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Compare current 20-year refinance rates

On Monday, June 05, 2023, the national average 20-year fixed refinance APR is 6.86%. The average 20-year fixed mortgage APR is 6.81%, according to Bankrate's latest survey of the nation's largest mortgage lenders.

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Today's 20-year refinance rates

Lenders nationwide provide weekday mortgage rates to our comprehensive national survey to bring you the most current rates available. Here you can see the latest marketplace average rates for a wide variety of refinance loans. The interest rate table below is updated daily to give you the most current refinance rates when choosing a home loan. APRs and rates are based on no existing relationship or automatic payments. For these averages, the customer profile includes a 740 FICO score and a single-family residence. To learn more, see understanding Bankrate rate averages.

Product Interest Rate APR
20-Year Fixed 6.83% 6.86%
10-Year Fixed 6.59% 6.61%
15-Year Fixed 6.49% 6.52%
30-Year Fixed 7.10% 7.12%

Rates as of Monday, June 05, 2023 at 6:30 AM

Pros and cons of a 20-year fixed-rate refinance


  • Paid off faster than a traditional 30-year mortgage. Since you'll have a shorter time frame than a 30-year mortgage, you'll have that mortgage paid off sooner — 10 years faster, to be exact. That means one fewer thing to worry about, and it will free up a large chunk of change to be used for other expenses and money goals.
  • Generally have a lower interest rate than longer-term loans. Typically, the shorter the term, the lower the interest rate. Interest rates for a 20-year mortgage will have a lower interest rate than a 30-year mortgage.
  • Less interest paid over the life of the loan than a 30-year mortgage. Because the interest rate is lower on a 20-year mortgage, you'll not only have your home loan paid off sooner, but you'll be forking over less in interest over the duration of the loan.
  • More affordable than shorter-term loans like 10- or 15-year mortgages. Because the life of the loan is stretched out for a longer duration than a 10 or 15-year mortgage, your loan payments will be lower. In turn, a 20-year mortgage will be more affordable.


  • Higher monthly payments than a 30-year mortgage. While the monthly payments for a 20-year mortgage are smaller than a 10- or 15-year mortgage, you can expect to pay more for a 30-year mortgage. In turn, it's less affordable as you'll need to pour more cash into paying off your house each month.
  • More interest paid over the life of the loan than a shorter mortgage. You'll be paying more in interest fees on a 20-year mortgage than if you had a 10- or 15-year mortgage, which means it'll be more expensive.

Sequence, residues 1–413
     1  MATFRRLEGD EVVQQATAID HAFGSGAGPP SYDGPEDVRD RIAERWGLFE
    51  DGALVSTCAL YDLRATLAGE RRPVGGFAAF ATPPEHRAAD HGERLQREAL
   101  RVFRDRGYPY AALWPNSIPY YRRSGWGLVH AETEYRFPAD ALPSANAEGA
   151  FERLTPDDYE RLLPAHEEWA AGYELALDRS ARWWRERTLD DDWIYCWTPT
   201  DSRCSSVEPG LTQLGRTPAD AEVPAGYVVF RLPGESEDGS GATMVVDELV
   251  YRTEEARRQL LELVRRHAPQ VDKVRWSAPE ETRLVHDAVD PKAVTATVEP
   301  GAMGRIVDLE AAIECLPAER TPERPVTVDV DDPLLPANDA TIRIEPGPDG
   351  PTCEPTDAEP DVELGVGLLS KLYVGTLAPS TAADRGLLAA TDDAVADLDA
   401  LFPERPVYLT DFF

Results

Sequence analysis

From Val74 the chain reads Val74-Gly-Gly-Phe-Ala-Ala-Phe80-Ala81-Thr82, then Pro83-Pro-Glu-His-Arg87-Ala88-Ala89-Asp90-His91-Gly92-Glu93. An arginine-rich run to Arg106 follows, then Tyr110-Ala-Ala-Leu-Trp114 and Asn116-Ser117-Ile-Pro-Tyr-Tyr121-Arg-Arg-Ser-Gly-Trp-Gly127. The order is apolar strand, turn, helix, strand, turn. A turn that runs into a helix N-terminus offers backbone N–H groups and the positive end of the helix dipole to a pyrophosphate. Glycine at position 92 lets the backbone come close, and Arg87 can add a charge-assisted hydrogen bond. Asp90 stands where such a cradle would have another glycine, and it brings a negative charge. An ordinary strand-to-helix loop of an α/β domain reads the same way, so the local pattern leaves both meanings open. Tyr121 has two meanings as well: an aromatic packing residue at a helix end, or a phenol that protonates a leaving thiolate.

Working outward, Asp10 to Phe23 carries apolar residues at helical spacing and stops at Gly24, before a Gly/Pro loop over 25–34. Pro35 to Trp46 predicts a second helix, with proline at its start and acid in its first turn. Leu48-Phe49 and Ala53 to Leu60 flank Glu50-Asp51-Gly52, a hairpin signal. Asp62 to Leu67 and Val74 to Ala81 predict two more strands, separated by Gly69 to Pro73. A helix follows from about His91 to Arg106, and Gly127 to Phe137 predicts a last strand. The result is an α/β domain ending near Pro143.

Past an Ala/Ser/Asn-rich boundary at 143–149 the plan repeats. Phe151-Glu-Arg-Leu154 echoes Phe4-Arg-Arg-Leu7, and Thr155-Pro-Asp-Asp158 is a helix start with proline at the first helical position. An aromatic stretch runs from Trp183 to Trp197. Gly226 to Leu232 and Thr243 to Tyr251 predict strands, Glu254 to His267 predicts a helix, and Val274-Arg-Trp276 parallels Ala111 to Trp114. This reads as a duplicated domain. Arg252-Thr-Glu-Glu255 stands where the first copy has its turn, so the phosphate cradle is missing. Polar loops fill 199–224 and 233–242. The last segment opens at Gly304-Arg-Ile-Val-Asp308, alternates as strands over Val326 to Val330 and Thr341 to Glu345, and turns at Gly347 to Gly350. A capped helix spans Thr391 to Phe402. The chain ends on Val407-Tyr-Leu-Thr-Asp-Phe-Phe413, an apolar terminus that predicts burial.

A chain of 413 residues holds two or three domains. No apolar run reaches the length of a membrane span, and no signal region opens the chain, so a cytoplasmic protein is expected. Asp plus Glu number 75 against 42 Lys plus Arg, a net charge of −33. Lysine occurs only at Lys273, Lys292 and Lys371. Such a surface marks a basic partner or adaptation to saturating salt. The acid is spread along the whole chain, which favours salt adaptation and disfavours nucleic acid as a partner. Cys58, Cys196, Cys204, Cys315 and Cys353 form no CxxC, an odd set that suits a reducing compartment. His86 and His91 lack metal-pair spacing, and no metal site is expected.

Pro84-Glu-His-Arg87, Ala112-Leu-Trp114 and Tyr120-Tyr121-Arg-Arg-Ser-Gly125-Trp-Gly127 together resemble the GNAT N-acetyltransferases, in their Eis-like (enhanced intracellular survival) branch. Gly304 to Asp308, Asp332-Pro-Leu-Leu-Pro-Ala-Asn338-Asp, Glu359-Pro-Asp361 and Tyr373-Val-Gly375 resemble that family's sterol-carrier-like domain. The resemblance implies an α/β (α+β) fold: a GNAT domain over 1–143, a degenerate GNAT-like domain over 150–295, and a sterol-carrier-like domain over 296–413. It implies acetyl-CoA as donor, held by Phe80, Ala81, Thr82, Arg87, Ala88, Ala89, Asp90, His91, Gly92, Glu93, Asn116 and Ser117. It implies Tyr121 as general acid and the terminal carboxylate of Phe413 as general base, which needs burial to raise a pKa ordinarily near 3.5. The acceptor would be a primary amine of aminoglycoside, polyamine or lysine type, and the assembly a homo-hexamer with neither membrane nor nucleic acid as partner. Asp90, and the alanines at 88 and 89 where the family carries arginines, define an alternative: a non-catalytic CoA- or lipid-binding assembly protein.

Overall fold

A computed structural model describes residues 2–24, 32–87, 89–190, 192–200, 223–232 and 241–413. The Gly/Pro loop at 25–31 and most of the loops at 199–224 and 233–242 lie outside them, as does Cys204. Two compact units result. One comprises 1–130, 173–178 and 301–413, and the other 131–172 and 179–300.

Comparing a 20-year mortgage refinance to other loan types

While a 20-year mortgage means you'll pay off your loan faster than a 30-year mortgage, it also means you'll have higher monthly payments. However, the lower monthly payments that come with a 30-year mortgage means you can borrow a larger amount.

Even if the total you'd like to borrow would be the same for a 20-year mortgage, you might have an easier time qualifying for a longer-term loan because of the difference in monthly payments.

When stacking a 20-year mortgage against a 10- or 15-year mortgage, it will take you longer to pay off the 20-year mortgage, but the monthly payments will be more affordable.

20-year vs. 15-year vs. 30-year mortgage interest and payments

15-year fixed-rate mortgage 20-year fixed-rate mortgage 30-year fixed-rate mortgage
Loan principal $312,900 $312,900 $312,900
Interest rate 4.19% 5.51% 5.53%
Monthly payment $2,344 $2,154 $1,783
Total interest $109,090 $204,100 $328,802
Total payments $421,990 $517,000 $641,702
*Notes: Interest rates as of August 15, 2022; monthly payments do not include insurance or taxes.

Is a 20-year mortgage refinance right for me?

Refinancing into a 20-year mortgage could make sense for you if:

  • You already have a 10- or 15-year mortgage and are struggling to meet the monthly payments. Taking out a new loan with a longer repayment period could free up some cash in your budget.
  • You have an adjustable-rate mortgage (ARM) nearing the end of its initial term. A 20-year fixed mortgage will give you more stability, since your rate won’t change for the lifetime of the loan.
  • You can afford the cost of the new loan. It’s important to look closely at your household income and whether your mortgage plus additional housing expenses — think homeowners insurance and utilities — can fit your new payment into your current budget comfortably.

Keep in mind: You can pay off any mortgage loan at any pace you want. However, you'll need to make the minimum payment. By making extra principal payments each month (check with your lender on how this is done) you can turn a 30-year loan into a 20-year, a 15-year or a 10-year mortgage. This way if you need extra cash, you can skip the additional principal payment any month you like.

When considering a refinance, it’s also a good idea to explore different kinds of loans and loan terms to determine what’s best for you and your budget. Refinancing into a conventional fixed-rate loan from an FHA loan could mean significant savings since these government-insured loans usually have costly insurance premiums.

Other loans such as a VA home loan or ARM (adjustable rate mortgage) don’t usually have these same insurance costs, but refinancing can still make sense for borrowers who can get a low enough rate to quickly offset their refinancing costs.

20-year refinance FAQs

Learn more about refinancing

Written by: Zach Wichter, mortgage reporter for Bankrate

Zach Wichter is a mortgage reporter at Bankrate. He previously worked on the Business desk at The New York Times where he won a Loeb Award for breaking news, and covered aviation for The Points Guy.

Read more from Zach Wichter